Friday, February 16, 2007


Much as I love Mac OS X, I have to say that I am with Twenty on this whole widgets bollocks.
I hate the word widgets. It reminds me of midgets, little wooden midgets. And I fucking hate midgets. And midgets made of wood, flammable midgets. The worst possible kind.

Widgets are supposedly useful things for your computer or website or whatever. I use a Mac and there’s this thing called the ‘Dashboard’ which you can activate at the press of a key. You can download all kinds of widgets, like Flight Times Widget, Wikipedia Widget, Weather Widget and hundreds more.

Once you’re in the ‘widget environment’ though you can’t do anything on your normal desktop which is, no matter how you want to dress it up, a bit shit.

Personally, I have used a useful bit of freeware to disable my Widgets Dashboard as otherwise they just hog RAM.
When I upgraded to Wordpress someone mentioned there were widgets I could use. So fucking what? What do they do? Do they make me a cup of tea while I’m writing my post? If not then I don’t fucking want to know.

Let’s face it, widgets are the equivalent of going to use an outhouse when you have a perfectly good toilet upstairs. They’re like hoovering your house with a dustbuster when you’ve got a Dyson under the stairs.

Just stop wasting your time making widgets and make me a fucking drink instead.

Bad Apple, naughty Apple!


Aaron Murin-Heath said...

Try running OSX with 256MB of RAM - then you'll really hate widgets.

I bought my iBook when OSX first came out, it was bundled but the RAM had not been boosted. I keep meaning to get it sorted, but there always so many other shiny things in the apple store to buy.

Devil's Kitchen said...

I have a nice new MacBook and my Mac Pro arrives on Monday or Tuesday... Hoorah!


Anonymous said...

I find widgets really useful. I run two clocks on it one for GMT one for PST (I am in California for a year). Quick access to a calendar saves me time and annoyance of finding the program or taking up dock real estate. Widgets give me a calculator at a touch of a button. Not to mention the daily Dilbert comic strip and "this day in apple history". Widgets are a nice extra that give you customizable access to useful and/or fun things.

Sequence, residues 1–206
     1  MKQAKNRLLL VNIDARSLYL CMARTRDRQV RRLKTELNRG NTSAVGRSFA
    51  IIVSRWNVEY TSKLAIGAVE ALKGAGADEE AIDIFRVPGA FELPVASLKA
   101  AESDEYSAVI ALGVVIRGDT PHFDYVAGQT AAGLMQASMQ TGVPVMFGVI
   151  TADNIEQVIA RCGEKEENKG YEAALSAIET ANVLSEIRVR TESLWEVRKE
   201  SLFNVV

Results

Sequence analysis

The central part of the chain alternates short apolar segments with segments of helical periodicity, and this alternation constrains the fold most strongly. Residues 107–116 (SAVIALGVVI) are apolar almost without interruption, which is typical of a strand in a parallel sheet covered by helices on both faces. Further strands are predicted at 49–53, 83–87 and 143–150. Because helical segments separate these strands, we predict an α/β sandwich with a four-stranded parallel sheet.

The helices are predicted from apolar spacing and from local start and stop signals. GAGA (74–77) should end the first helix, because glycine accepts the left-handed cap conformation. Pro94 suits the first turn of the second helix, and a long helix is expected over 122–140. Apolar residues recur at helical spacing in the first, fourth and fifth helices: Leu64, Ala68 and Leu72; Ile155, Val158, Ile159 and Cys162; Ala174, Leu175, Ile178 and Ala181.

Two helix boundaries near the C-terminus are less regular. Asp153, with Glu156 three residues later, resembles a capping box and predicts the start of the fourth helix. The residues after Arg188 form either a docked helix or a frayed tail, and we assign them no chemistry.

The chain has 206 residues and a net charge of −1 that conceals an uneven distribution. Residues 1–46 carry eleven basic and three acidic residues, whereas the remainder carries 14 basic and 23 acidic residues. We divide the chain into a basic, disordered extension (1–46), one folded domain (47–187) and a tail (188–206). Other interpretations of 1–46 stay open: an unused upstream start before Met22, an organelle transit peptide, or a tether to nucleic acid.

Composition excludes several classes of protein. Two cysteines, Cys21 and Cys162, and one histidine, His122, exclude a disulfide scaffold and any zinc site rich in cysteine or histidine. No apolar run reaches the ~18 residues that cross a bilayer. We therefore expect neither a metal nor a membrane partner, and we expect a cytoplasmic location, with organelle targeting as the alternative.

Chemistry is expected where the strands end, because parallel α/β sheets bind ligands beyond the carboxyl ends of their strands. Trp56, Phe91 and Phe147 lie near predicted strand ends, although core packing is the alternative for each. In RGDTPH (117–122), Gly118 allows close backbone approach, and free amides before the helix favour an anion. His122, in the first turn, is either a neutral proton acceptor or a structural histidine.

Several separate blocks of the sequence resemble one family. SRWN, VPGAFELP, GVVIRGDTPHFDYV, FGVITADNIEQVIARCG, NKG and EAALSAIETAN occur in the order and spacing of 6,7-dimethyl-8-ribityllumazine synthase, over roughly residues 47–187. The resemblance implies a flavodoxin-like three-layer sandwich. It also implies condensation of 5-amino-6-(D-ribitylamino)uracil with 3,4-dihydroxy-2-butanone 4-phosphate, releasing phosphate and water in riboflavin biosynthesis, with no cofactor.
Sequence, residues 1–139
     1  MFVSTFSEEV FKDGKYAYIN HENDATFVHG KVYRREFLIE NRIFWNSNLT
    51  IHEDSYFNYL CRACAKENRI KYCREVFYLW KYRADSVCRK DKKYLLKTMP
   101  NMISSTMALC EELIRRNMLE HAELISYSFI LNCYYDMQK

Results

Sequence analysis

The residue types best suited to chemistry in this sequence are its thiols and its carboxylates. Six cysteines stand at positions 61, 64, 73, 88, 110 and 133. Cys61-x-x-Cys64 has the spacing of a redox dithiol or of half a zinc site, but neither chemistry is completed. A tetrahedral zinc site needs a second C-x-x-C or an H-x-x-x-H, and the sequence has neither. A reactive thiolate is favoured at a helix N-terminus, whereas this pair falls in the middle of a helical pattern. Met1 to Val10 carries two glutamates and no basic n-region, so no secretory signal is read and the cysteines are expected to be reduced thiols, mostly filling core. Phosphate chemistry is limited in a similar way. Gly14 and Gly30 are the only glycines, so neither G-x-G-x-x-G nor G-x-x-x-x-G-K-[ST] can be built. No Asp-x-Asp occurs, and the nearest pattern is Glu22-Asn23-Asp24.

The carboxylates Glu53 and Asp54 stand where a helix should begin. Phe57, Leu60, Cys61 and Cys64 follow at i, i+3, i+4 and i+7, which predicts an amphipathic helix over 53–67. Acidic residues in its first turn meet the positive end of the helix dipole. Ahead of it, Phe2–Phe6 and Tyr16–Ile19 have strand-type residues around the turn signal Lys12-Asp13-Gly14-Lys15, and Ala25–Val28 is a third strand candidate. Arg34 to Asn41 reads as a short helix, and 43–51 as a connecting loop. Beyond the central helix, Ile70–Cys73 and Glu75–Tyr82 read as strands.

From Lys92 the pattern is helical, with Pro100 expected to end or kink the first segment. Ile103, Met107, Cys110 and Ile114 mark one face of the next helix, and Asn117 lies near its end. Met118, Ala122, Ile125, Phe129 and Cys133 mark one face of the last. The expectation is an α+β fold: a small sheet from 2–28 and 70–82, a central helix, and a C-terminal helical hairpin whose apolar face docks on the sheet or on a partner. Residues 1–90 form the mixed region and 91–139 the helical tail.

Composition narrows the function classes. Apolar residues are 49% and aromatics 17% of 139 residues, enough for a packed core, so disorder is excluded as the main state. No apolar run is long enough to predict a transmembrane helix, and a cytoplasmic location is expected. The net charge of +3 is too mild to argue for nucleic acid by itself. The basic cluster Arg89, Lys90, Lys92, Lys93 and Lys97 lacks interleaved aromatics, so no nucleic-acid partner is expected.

I would rather have gadgets come in and out on a touch of a button than have "gadgets" on the desktop all the time like vista, especially when vista does not have the function that F11 does on a mac.
I would not run widgets with 256Mb of ram but I would not run any computer with only 256Mb of RAM

Anonymous said...

we got widgets in Gnome on Ubuntu as well. interesting diversion, but i just switch them off .

i like my desktop clean and mean. helps me focus on actually doing some friggin work.

Gavin Ayling said...

Ironic, innit, that Microsoft copied the widgets for Vista (and called them gadgets).

Big Chip Dale said...

I don't know what all the fuss is about. I love my widget and so do the ladies.

Anonymous said...

correct me if i'm wrong but Linux had widgets before OS X - the Karamba project on the KDE desktop.. from 2003

its evolved into SuperKaramba

i noticed this before - since Safari (Mac) and Konqueror(KDE) share the same KHTML rendering engine. Usually the KHTML stuff appears in KDE first, and then filters into OS X.. maybe this is where the OS X Gadget stuff comes from, as there is a lot of collobaration between the KDE and OS X teams.

On the other hand, the current iterations of KDE are *very* Mac like, so maybe OS X design/gui usuability is filtering *back* into the KDE world.
either way -its a win win for both the OS X and Linux worlds and i'm loving it.

dizzy said...

Enlightenment all the way baby. Eyey candy on low spec machines and it's been around for years.

Anonymous said...

My laptop is a G4 iBook and I quite like widgets - but then I specified 1GB of RAM when I bought it. You can never have too much memory.

My desktop is a Linux box, Enlightenment is nice, but fvwm-Crystal is definitely the way to go there, speed, transparency and low overheads!

Anonymous said...

There's information on how to disable the dashboard via one's terminal (by far my favourite OS X application) here.
This is very useful given that I am running Tiger on an ancient "flower power" iMac with 512MB RAM.
For work I have Enlightenment on a Gentoo machine with decent specs.

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